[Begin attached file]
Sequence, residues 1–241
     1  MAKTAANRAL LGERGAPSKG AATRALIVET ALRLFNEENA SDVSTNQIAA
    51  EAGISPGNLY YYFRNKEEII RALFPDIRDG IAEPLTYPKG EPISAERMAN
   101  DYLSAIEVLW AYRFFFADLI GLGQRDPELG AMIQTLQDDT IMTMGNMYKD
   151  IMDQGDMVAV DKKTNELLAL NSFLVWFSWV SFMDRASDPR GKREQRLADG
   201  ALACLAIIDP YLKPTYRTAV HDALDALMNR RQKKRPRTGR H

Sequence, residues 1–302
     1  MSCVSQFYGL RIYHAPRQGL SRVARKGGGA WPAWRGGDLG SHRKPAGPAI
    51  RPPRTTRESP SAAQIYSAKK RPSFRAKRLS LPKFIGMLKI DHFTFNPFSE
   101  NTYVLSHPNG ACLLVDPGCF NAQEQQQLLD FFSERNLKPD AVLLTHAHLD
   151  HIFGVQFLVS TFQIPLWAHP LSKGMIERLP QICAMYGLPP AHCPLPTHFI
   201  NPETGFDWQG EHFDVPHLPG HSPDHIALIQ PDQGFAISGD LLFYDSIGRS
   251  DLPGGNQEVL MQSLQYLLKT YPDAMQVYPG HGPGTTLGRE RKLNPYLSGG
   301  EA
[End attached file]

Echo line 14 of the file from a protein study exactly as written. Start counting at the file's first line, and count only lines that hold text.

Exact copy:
   301  EA